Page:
Are there fluids in your arsenal for other ailments?
There's fluids that are specified for someone who's jaundiced—that was really heavy dye. Or you want what we call a "hot fluid," which was a really strong fluid to dehydrate somebody who was really edematous. And then you get people who are really dehydrated. There's all these different types of fluids you can use to kind of correct these issues. You're basically cooking up a recipe based upon whatever you know about that person. There's certain things that you can tell. After doing it for a long time you can look at somebody and see how they're reacting to the embalming and say this person must have this going on. It's just experience.
Do you sometimes get requests from family that you can't honor?
Sometimes we get a picture of mom from 1945, and it's 2000-whatever, and you're like, What am I supposed to do with this? That's always a challenge.
We also can't do anything that's considered mutilation. Well, we can and we can't—because technically when you embalm someone you're mutilating them. We can't remove teeth. We can't cut or excise tissue. We're not supposed to cut hair. For hair removal we have to have explicit written instructions, because that's something that's considered irreversible. And anything that's considered irreversible, you're supposed to have explicit instructions from the family—with good reason. I mean, you can't just assume the beard is just scruffy and shave dad or grandpa clean. Maybe that's how they wore their face. That's why I personally like as much instruction as possible. But there's some things families think we can do like, "Can we have grandma's teeth?" And it's like... No, we can't remove those. The only thing we can remove are pacemakers.
Wait, you mentioned requests for skin removal?
Like, if somebody has a neck tumor or something, we can't just cut it off. We can cover it but we can't remove it. You can add but you can't take away. The only thing you can take away is hair.
What are the types of things that a good embalmer could reconstruct?
Pretty much anything. We are literally taught in school to build someone's face out of nothing. Whatever the family requests is what we're gonna do. Decomposition is very hard to work with. It's not even the trauma issue there. The foundation is not stable. I never recreated someone's face, but we never had a case where we had to. I had several cases that were shotgun wounds, where obviously the upper half of their face was missing and we had to repair it. Every embalmer will tell you that they have a different technique, or they have some secret. As long as it's not considered trash, you can use it. In some states the coroners don't return the organs, so some people will stuff newspaper in there. We are not allowed to do that in California. I don't think anyone would come out and say that they did that [here], but it has happened before. Embalming is like art and science. And that's what makes it so great.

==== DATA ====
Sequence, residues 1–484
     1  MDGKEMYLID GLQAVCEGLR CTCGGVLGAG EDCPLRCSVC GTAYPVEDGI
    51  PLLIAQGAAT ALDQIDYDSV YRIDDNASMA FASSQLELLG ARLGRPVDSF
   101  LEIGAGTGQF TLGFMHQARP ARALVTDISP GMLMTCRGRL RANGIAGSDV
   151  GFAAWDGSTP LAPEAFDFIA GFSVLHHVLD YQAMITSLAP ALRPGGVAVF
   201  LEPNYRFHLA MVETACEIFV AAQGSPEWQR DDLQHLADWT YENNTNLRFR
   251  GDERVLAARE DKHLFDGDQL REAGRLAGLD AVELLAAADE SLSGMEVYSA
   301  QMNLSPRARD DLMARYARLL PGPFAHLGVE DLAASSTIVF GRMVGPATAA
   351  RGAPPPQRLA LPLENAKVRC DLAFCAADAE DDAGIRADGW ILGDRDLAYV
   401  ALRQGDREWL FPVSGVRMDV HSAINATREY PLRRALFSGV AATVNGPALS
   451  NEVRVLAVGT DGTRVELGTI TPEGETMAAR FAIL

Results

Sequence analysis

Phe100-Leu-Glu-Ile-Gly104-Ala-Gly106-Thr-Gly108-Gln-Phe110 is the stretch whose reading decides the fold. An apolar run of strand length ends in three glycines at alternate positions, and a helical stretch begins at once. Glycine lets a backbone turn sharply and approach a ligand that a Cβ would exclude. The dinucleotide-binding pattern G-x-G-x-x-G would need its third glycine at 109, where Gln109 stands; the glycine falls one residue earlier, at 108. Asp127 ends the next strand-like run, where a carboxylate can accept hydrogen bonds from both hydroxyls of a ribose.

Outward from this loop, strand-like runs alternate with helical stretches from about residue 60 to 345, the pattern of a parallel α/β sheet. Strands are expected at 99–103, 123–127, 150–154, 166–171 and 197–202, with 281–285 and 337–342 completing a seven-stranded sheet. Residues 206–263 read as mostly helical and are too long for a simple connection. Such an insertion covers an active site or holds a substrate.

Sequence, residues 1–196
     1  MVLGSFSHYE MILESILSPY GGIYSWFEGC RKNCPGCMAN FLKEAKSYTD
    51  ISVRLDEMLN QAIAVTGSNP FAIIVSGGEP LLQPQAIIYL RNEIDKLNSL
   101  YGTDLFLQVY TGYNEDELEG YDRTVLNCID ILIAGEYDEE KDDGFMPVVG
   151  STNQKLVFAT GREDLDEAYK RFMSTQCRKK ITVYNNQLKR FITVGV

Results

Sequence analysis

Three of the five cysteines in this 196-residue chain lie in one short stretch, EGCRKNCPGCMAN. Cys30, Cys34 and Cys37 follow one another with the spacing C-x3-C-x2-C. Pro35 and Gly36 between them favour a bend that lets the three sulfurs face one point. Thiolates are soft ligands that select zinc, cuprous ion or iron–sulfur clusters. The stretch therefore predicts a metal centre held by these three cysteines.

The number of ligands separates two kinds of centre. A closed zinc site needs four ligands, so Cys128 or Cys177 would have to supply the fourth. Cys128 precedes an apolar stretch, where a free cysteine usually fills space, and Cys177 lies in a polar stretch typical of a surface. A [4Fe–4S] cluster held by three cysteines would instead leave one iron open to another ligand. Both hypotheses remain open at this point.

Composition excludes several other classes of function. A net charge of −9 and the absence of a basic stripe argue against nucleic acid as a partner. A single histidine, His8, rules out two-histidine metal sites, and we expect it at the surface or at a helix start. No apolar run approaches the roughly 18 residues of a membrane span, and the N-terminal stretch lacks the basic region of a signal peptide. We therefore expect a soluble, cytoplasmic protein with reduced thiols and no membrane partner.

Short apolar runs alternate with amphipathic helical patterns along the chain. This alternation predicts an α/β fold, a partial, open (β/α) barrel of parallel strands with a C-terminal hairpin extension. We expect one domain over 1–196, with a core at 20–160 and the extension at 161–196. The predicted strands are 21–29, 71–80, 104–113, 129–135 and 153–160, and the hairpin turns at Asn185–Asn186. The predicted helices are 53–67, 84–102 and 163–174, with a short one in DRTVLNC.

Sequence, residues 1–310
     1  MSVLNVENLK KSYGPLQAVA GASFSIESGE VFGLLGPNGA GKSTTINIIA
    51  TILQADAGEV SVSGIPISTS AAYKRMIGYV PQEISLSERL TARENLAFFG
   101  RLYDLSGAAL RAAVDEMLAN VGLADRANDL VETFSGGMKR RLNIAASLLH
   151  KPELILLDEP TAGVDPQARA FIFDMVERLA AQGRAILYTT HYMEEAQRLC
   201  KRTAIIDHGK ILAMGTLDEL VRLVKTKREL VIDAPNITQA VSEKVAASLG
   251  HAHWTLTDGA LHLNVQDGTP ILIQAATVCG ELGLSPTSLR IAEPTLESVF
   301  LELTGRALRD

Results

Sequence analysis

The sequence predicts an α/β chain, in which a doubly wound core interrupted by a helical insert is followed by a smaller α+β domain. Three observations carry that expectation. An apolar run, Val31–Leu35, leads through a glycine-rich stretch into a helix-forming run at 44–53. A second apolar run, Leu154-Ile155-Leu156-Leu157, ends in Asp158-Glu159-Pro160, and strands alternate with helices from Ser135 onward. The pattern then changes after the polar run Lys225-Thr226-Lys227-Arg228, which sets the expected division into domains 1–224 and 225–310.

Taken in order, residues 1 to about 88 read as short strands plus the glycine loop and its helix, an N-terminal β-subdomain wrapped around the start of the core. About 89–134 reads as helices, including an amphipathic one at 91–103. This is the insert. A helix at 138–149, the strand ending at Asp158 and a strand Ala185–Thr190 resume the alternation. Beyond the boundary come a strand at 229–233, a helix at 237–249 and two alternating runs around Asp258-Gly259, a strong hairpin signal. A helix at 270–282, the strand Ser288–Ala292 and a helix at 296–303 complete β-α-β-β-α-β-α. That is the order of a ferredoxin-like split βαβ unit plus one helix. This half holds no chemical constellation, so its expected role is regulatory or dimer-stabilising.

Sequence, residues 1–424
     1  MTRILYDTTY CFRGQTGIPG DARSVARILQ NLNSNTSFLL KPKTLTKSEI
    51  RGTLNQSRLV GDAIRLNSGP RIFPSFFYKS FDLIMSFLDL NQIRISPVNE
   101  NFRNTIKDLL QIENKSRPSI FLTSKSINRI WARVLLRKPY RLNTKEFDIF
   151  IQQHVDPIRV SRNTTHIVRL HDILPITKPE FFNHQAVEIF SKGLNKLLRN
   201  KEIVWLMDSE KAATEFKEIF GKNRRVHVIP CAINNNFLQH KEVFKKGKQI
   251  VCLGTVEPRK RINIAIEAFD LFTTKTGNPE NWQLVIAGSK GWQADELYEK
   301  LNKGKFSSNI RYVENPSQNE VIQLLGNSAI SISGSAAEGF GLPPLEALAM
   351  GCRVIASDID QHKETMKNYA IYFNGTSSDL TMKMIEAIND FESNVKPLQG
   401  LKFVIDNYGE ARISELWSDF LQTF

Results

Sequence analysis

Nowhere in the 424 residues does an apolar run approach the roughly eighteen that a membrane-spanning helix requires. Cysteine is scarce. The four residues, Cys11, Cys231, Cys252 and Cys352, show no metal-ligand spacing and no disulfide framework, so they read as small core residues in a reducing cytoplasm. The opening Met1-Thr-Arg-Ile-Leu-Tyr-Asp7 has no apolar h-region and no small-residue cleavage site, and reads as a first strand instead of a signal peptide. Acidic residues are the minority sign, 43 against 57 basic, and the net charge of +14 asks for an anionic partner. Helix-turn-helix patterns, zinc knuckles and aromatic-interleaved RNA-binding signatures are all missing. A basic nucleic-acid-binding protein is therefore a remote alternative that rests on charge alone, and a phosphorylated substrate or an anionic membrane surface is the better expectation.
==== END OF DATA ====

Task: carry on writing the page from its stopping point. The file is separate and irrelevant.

What are some of the most cumbersome or challenging reconstruction cases you worked on?
I had this guy who had a shotgun wound to the head and the family wanted a closed casket. I worked on his head and it was super smooth and you couldn't even tell. Not to toot my own horn, but it looked really phenomenal. They ended up having an open casket so I was really happy about that.
Another story is this case that we had—I think she was murdered—and they found her after three weeks in a field. So she was pretty much just kinda parts at this point. The family wanted to have her body in the casket—obviously not open. The smell was so bad. We had them sign an embalming authorization so we could put fluid and this stuff called paraformaldehyde. It's in powder form and [is] a really strong deodorizer. So we did that, and the day that I had to come it was a weekend and I woke up with the stomach flu. That was a really long day. It was spent doing one step, going to the bathroom, then coming back. It's really hard to work on a severely decomposed body when you're already throwing up! But nobody could ever say I wasn't dedicated to my job. Even with the closed casket, the smell was terrible. So what I did was I put her in two body bags with the deodorizer in the one bag, then another with formaldehyde. And then put more deodorizer in the casket. If there's a decomposed body, a closed casket doesn't mean it doesn't smell.